Deakin University

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Predicting outcomes in the Dose Adjustment For Normal Eating (DAFNE) trial

conference contribution
posted on 2005-01-01, 00:00 authored by J Speight, S Amiel, S Beveridge, C Bradley, C Gianfrancesco, S Heller, P James, N McKeown, L Oliver, H Reid, S Roberts, S Robson, J Rollingson, V Scott, C Taylor, G Thompson, E Turner, F Wright
Background: In the UK, DAFNE training in flexible intensive insulin therapy significantly reduced the negative impact of diabetes on quality of life (QoL) and improved blood glucose (BG) control without significantly increasing severe hypoglycaemia or body mass index (BMI). Analyses were conducted to predict who would benefit most from the generally highly successful DAFNE training and who might experience undesirable effects (e.g. weight gain).

Methods: Multiple regression was used to predict change in outcomes (6-months post-DAFNE) using baseline data: demographic, biomedical, ADDQoL (measure of the impact of diabetes on QoL), extended DTSQ (Diabetes Treatment Satisfaction Questionnaire), and other psychological measures including diabetes-specific well-being and locus of control.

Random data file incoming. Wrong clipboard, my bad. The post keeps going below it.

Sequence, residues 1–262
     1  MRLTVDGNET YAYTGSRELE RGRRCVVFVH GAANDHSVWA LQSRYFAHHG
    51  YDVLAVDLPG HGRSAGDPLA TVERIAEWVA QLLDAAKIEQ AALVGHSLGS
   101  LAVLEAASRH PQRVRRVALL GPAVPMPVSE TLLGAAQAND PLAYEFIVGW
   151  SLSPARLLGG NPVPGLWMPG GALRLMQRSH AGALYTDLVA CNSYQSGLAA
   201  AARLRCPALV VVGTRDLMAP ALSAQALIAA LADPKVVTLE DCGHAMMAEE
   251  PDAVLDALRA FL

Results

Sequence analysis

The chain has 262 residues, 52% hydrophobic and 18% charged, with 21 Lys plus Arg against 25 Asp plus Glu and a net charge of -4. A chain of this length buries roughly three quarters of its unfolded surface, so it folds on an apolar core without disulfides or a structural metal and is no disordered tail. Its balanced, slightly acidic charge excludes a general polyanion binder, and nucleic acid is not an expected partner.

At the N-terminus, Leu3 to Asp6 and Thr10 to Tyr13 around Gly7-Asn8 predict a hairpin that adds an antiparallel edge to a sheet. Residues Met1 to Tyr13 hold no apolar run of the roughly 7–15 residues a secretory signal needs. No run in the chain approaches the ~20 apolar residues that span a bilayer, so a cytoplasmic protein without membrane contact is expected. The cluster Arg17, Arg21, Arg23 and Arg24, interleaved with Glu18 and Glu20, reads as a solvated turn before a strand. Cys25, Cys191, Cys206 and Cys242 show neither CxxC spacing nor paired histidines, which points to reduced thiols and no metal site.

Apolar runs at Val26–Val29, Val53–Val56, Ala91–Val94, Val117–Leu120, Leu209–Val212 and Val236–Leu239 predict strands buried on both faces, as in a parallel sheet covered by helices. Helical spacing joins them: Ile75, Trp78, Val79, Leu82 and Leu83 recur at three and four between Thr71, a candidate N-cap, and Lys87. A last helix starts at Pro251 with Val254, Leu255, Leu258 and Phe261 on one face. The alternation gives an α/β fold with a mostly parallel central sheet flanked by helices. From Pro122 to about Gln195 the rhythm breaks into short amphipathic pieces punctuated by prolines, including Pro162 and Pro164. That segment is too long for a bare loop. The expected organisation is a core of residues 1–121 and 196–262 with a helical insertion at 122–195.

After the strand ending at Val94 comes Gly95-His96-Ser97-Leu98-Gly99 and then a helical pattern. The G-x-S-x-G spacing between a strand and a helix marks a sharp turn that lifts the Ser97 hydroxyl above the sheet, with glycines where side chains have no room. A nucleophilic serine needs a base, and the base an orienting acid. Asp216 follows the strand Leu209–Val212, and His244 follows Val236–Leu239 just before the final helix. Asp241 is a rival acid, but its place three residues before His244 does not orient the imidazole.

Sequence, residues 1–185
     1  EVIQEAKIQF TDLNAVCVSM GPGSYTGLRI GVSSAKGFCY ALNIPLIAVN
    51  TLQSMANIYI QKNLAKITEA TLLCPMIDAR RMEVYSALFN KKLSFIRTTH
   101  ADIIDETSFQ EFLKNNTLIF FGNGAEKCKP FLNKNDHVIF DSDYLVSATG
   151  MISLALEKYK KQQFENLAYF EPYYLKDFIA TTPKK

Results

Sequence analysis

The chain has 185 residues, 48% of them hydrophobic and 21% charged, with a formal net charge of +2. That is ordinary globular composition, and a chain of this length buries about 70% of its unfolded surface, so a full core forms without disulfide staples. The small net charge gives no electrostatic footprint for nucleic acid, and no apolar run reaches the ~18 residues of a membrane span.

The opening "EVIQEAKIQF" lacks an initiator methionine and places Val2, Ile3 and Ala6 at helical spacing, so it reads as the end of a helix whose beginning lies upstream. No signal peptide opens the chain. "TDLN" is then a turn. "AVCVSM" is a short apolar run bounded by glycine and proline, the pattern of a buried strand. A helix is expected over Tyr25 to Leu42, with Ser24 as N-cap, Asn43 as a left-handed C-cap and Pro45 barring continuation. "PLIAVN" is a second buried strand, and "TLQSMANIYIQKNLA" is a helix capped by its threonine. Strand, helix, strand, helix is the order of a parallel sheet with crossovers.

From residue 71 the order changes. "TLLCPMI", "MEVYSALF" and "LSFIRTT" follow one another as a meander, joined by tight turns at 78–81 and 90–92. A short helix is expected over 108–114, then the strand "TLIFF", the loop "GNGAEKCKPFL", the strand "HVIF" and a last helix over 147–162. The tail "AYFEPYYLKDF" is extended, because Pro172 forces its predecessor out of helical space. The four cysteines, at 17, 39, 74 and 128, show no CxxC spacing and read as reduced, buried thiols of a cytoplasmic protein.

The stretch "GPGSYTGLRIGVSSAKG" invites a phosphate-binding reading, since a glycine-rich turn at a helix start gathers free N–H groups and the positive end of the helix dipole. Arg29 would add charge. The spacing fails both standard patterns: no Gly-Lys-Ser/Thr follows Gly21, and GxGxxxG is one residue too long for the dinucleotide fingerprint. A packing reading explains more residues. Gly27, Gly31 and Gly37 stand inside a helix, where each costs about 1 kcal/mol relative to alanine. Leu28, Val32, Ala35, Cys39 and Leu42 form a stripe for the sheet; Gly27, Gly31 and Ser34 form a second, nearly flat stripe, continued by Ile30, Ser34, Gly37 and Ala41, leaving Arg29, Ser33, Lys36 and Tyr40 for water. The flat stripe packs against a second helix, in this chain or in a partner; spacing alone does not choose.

Findings: Greatest improvement in ADDQoL scores was achieved by those reporting less dietary freedom and less treatment satisfaction at baseline (R2=0.21). BG improvement was predicted by higher baseline BG, lower perceived frequency of hypoglycaemia, greater expectations of DAFNE, and greater BMI (R2=0.30). Increase in BMI was predicted by less dietary freedom, DAFNE training centre, and less ‘satisfaction with insulin’ at baseline (R2=0.23).

Conclusions/Discussion: DAFNE has important benefits to offer. Lifting dietary restrictions had substantial benefits for QoL. BG improvement was predicted by baseline BG but also by expectations (perhaps reflecting greater optimism or determination). Prediction of weight gain was more complex. The influence of training centre will have involved implicit messages conveyed by Educators before and during DAFNE. While DAFNE was successful overall, outcomes are likely to be maximised for individuals if their expectations and personal goals are considered by DAFNE Educators.



Annual Meeting of the PsychoSocial Aspects of Diabetes Study Group (10th : 2005 : Wurzburg, Germany)


European Association for the Study of Diabetes


Wurzburg, Germany

Start date


End date





Abstract of item is located on page 14 of the linked version.

Publication classification

E2.1 Full written paper - non-refereed / Abstract reviewed

Title of proceedings

10th Scientific Meeting of the PSAD Study Group

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